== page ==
A trade group for long-term care providers in Minnesota sounded the alarm that the mandate could drive out health care workers and exacerbate shortages.
While OSHA's standards allow medium and large employers to provide workers with a test-out option to avoid vaccination, that's not the case for facilities accepting payment from the government's Medicare and Medicaid health insurance programs, said Patti Cullen, the president and chief executive of Care Providers of Minnesota.
"Let's be clear — this is a potential powder keg with a short fuse," Cullen wrote in an email. "We may face a scenario where we don't have enough workers to serve the seniors in our settings. And despite our pleas for help, there are no concrete solutions — either at the state or federal levels — to help us solve our unprecedented workforce crisis."
Workers can seek exemptions for medical and religious reasons. Since mandates don't apply to those who telework from home, the rules could affect return-to-work plans, said Stute, of the Minnesota Chamber of Commerce.
"The question is: Will companies continue to keep their workers then at home?" she said, noting the potential economic hit to regional downtown centers.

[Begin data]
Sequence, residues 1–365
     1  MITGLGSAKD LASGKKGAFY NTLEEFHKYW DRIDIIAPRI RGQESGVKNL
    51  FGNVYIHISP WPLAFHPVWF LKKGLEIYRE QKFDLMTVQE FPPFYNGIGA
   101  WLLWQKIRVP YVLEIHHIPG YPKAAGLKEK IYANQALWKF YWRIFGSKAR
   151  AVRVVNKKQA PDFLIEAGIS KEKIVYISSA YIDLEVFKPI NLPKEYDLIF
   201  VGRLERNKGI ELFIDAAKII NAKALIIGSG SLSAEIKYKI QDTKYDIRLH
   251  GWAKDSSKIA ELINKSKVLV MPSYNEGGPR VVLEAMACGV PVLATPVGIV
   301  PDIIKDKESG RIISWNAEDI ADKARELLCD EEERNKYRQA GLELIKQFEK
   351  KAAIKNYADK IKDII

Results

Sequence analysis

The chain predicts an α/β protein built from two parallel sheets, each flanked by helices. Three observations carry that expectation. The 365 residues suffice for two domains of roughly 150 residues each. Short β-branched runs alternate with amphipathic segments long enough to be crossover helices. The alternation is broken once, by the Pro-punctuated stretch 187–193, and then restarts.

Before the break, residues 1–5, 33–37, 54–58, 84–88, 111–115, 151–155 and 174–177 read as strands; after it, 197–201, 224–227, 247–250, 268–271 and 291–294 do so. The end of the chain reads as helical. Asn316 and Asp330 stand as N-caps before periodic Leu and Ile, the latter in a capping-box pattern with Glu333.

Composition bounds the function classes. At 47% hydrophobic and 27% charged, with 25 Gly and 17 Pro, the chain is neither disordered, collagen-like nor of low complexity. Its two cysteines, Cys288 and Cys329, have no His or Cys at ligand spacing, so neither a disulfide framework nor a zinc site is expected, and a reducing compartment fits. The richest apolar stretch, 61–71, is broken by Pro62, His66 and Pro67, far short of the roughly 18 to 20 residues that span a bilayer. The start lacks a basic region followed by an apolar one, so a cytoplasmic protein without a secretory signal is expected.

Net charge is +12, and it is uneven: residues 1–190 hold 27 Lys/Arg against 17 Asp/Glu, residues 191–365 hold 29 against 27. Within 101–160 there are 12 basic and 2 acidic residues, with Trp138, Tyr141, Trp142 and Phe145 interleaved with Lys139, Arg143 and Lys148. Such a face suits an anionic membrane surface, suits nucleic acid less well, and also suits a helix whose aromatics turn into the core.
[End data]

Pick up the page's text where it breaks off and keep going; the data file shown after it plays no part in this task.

Employers must require each vaccinated employee to provide acceptable proof of vaccination and maintain a roster of each employee's vaccination status, said Jessica Roe, an employment defense attorney in Minneapolis. The OSHA standards require employers to provide paid time to workers for getting vaccinations and paid leave to recover from any side effects.
If employers provide the testing option, they must maintain a record of each test result, Roe said. It makes sense, she added, for those employers to help workers find testing options and consider whether it's more convenient to provide testing at the workplace.
The OSHA standards specify that unvaccinated employees who don't qualify for exemptions must wear a face covering in the workplace, Roe said, subject to exception under very limited circumstances. This will be an "enormous issue" for employers, she said, because they've been relying on an honor system when it comes to masking for workers coming back to the office.
"If you're an employee that can't or doesn't want to comply with the [OSHA] requirement of vaccine or testing," Roe said, "you may decide to look for a job at an employer with less than 100 employees."
Large employers in Minnesota, including Target and U.S. Bank, were still reviewing the new rules Thursday. Mayo Clinic, the state's largest employer, announced in October that vaccinations would be required for all workers, although staff could seek medical or religious exemptions.
"Making COVID-19 vaccination a requirement to work at Mayo Clinic will help ensure we have a healthy workforce and that Mayo Clinic is a safe place to receive care — just as our patients expect," the clinic said in a statement. About 89% of all Mayo employees are vaccinated.
Minnesota has its own agency for worker safety that must adopt the OSHA standards announced Thursday or develop an equivalent set of rules. Employment law attorneys said they expect the state will follow the federal standard.